I realised I couldn’t continue in this half-hearted manner, and quit my job when I got a research fellowship at the Indian Institute of Advanced Study in Shimla. This was an interesting and decisive period in my life – I concluded that academia was not for me. I wanted to make change happen rather than be involved in pontificating about it. I headed home and, together with some friends, started an organisation called CACTUS; we began working with artisans specifically with loin-loom or backstrap women weavers, and gradually got drawn into their lives and the multiple identities that they negotiated as they eked out their livelihoods.

At some point during the Beijing mobilisation, Ben distanced herself from the chaotic Beijing madness, concentrating on practical grassroots action; TDMS was weighted down by internal contradictions, and I was left to keep the north-east regional flag flying high! But there were so many other comrades in that journey – Suneeta Dhar and Sumita Ghose from the co-ordination unit set up for Beijing, and Pramada Menon were constant allies, as were members of the National NGO Advisory Committee (of which I was also a member), the most dynamic being Vasanth Kannabiran and Ruth Manorama. Many other powerful and impressive women came into my life at this time and have remained in it, with their politics, vision, expertise and personal companionship – Shanthi Dairiam, Sunila Abeysekera and Kamla Bhasin.

I travelled extensively across the north-east, drawing women from the most marginalised sections into the process, but also trying to capture then strength and dynamism in a region of political strife and protracted conflict. I aligned closely with the Meira Paibis, the torch-bearers of Manipur, who were just beginning to move from community policing on alcoholism to raising issues of human rights violations. A trip to Imphal always meant a meal with these amazing powerful women at their home in the Palace Gate Compound.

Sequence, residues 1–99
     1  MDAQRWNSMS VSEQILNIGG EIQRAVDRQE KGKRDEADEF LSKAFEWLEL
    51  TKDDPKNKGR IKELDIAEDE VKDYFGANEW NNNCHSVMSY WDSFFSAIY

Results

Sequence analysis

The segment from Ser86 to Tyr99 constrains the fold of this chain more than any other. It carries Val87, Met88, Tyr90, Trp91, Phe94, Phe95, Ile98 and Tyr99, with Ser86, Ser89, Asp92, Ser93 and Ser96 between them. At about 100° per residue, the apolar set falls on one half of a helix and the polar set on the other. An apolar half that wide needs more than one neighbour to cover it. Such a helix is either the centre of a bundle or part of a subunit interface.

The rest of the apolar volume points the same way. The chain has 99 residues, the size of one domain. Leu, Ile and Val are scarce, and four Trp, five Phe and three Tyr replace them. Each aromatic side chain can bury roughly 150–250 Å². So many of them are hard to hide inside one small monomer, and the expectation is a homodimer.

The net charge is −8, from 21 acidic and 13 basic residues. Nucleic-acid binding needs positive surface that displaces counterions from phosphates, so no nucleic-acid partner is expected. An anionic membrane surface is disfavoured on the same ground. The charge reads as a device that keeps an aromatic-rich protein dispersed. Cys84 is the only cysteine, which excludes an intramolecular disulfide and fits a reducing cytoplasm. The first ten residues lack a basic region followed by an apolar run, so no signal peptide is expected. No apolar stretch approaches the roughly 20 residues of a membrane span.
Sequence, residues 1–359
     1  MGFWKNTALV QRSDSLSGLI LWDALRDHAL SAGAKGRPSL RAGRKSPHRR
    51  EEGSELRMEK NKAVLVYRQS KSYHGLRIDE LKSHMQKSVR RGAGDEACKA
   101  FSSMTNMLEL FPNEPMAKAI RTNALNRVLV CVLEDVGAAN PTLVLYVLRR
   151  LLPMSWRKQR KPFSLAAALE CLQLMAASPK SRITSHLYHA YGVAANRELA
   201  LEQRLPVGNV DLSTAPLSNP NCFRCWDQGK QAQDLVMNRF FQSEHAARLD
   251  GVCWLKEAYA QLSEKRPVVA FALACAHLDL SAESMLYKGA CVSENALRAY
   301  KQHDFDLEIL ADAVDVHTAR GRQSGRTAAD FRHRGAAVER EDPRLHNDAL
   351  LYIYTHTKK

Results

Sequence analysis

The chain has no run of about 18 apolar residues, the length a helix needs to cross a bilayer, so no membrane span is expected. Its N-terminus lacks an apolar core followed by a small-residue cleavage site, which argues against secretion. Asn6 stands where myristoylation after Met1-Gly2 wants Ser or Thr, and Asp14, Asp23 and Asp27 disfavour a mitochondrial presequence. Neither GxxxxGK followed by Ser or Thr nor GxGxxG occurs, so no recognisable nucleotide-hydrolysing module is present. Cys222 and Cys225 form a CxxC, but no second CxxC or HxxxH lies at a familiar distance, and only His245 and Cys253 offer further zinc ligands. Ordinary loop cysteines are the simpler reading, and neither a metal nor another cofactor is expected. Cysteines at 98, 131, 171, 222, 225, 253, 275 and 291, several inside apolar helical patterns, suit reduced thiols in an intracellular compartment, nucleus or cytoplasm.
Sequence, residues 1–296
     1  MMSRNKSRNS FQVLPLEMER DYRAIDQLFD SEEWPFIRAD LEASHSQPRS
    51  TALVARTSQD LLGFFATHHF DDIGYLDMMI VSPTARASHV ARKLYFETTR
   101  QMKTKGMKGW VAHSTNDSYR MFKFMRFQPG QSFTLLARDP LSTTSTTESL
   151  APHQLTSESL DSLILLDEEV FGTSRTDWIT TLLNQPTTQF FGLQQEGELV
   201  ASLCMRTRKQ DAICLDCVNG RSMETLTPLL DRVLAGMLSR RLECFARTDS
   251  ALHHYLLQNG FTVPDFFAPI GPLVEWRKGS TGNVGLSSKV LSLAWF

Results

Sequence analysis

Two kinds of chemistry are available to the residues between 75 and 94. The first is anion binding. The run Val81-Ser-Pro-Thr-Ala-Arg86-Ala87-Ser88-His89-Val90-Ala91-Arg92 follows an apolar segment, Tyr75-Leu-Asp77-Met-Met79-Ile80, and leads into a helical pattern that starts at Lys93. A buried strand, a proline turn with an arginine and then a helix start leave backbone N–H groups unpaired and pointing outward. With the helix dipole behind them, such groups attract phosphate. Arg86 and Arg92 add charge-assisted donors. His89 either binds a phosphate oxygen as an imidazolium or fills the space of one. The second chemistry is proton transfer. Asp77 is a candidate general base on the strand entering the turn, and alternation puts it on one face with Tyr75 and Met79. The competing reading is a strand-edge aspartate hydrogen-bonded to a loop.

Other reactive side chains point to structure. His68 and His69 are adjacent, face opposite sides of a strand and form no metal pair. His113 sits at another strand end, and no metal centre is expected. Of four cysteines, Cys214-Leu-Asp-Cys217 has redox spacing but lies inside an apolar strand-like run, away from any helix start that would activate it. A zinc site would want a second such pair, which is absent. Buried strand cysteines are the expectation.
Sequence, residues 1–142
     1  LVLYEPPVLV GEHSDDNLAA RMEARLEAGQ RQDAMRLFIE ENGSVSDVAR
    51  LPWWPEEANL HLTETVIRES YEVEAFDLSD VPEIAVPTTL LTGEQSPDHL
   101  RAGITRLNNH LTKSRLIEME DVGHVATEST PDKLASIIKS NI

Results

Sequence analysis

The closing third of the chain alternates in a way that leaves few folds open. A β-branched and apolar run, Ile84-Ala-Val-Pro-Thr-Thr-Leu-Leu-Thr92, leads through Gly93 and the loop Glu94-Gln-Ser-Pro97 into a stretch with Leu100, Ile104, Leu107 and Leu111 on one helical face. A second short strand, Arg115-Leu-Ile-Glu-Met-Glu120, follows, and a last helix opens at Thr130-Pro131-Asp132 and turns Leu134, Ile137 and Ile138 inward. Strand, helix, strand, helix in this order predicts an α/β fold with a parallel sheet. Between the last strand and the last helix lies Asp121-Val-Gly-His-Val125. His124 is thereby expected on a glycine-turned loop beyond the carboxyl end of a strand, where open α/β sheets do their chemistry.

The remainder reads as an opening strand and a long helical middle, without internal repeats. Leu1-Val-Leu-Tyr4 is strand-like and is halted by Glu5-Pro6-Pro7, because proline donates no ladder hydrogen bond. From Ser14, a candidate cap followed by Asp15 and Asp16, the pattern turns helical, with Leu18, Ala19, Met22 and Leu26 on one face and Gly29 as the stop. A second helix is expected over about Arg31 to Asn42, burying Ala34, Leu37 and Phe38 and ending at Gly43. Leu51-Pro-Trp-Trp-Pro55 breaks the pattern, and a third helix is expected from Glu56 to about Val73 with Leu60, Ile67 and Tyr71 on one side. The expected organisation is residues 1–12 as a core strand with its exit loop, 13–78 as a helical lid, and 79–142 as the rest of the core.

Chaobi Devi, Thokchom Ramani and Kunjalata Devi were an inseparable trio who drew strength from each other and attended every meeting together, regardless of who was invited. But in Beijing the vivacious Chaobi withered into a disempowered old woman in an unfamiliar setting, without the strength of her buddies and her support base.

It was very sad to see her like that and it taught me some important lessons about what not to do when working with community women. There are so many happier and me inspiring memories about Beijing – but they would require a Beijing memoir by themselves! One that remains etched in my mind, however, is of Kamala Bhasin, who had reached China before us and was waiting to receive the two-hundred-and-fifty-odd women from India at the immigration line with her famous ‘Tod tod ke bandhano’ song-and-dance number. All of us, travel weary and dishevelled, greeted her with equal gusto and the deadpan, humourless Chinese authorities were overpowered by infectious feminist exuberance!

(Excerpted from ‘Making A Difference: Memoirs From The Women’s Movement In India’, Edited by Ritu Menon; Published by: Women Unlimited, 2011; Pp: 386; Price: Rs 350/Softback.)